Northwest Portland Area Indian Health Board: Indian Leadership for Indian Health

Oral Health Project

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Dental Health Aide Therapist Bonnie Johnson provides services in her community of Emmonak, Alaska

Mission:  Our mission is to connect tribal communities with innovative approaches to address AI/AN oral health disparities, to remove barriers currently impeding tribal communities from creating efficient, high quality, modern dental teams and to provide opportunities for AI/AN people to become oral health providers. 

Oral Health Project:

The Northwest Portland Area Indian Health Board (NPAIHB) supports the forty-three federally recognized Tribes in Idaho, Oregon, and Washington in their delivery of oral health care services. We believe there is a tremendous opportunity to increase access to oral health care and address the unacceptable oral health disparities that exist in Tribal communities.

It is well documented that American Indians and Alaska Natives (AI/AN) carry a disproportionate burden of oral disease. According to the IHS 2014 Oral Health Survey, the majority of AI/AN children have tooth decay, most adults have lost teeth because of dental disease, periodontal disease is a significant problem for adults, and there is limited access to both preventive and restorative dental care. Profound health disparities exist between the oral health status of AI/ANs in the Pacific Northwest compared to non-AI/ANs in the same area.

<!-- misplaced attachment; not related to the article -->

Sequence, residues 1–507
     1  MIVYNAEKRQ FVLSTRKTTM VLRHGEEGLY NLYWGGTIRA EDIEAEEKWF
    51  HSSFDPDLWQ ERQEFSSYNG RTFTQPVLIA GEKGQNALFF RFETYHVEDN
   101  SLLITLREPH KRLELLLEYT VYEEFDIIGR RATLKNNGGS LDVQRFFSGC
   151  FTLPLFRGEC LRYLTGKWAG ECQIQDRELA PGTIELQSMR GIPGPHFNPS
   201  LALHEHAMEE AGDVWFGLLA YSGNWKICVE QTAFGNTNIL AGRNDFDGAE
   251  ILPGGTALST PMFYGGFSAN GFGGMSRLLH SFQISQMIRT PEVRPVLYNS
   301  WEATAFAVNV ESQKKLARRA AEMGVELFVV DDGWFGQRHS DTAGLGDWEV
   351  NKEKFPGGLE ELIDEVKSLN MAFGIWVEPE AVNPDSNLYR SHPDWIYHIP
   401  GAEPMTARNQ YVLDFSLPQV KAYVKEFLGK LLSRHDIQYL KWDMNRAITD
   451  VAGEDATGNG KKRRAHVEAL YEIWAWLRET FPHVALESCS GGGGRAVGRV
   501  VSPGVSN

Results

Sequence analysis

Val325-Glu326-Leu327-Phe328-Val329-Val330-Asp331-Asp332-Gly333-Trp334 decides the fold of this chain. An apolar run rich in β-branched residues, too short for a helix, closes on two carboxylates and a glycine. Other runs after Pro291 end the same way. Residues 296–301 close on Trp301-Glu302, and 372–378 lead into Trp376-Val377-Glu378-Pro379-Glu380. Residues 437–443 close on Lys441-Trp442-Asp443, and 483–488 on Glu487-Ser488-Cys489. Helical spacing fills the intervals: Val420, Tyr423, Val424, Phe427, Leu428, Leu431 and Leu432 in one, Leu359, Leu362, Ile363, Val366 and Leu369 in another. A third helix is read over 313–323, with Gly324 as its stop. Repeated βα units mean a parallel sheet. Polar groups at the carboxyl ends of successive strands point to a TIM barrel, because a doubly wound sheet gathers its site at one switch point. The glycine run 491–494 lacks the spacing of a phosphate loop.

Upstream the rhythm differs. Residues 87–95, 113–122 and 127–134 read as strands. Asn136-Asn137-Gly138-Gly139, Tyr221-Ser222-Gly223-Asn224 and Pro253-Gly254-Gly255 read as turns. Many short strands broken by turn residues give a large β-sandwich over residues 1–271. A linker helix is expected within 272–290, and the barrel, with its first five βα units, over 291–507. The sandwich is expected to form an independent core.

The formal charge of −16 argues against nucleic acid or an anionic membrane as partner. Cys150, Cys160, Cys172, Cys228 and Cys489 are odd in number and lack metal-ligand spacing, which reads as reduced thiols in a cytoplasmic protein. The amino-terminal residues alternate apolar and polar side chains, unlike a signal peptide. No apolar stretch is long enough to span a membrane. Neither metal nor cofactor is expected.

Oral health is essential to overall health, and we cannot have healthy communities without access to reliable, high quality, affordable dental care. The Northwest Portland Area Indian Health Board will be working with tribes to develop dental programs which meet the following goals:

  • Expand access to consistent, routine, high quality oral health care in tribal communities;
  • Grow the number of AI/AN oral health care providers available to tribal communities;
  • Bring culturally competent care into tribal communities;
  • Create a more efficient and effective oral health team that can meet the needs of the tribal communities;
  • Establish cost effective solutions to oral health challenges into tribal communities;
  • Bring care where it is needed most.

More than 40,000 Alaska Natives across 81 communities have gained access to dental care through the Dental Health Aide Therapist (DHAT) model in Alaska, and Alaska Native children are now being seen with no cavities. The DHAT model also builds community capacity and creates jobs by training community members to become DHATs. The DHAT model works for Alaska Natives and will work for American Indians in Idaho, Oregon and Washington.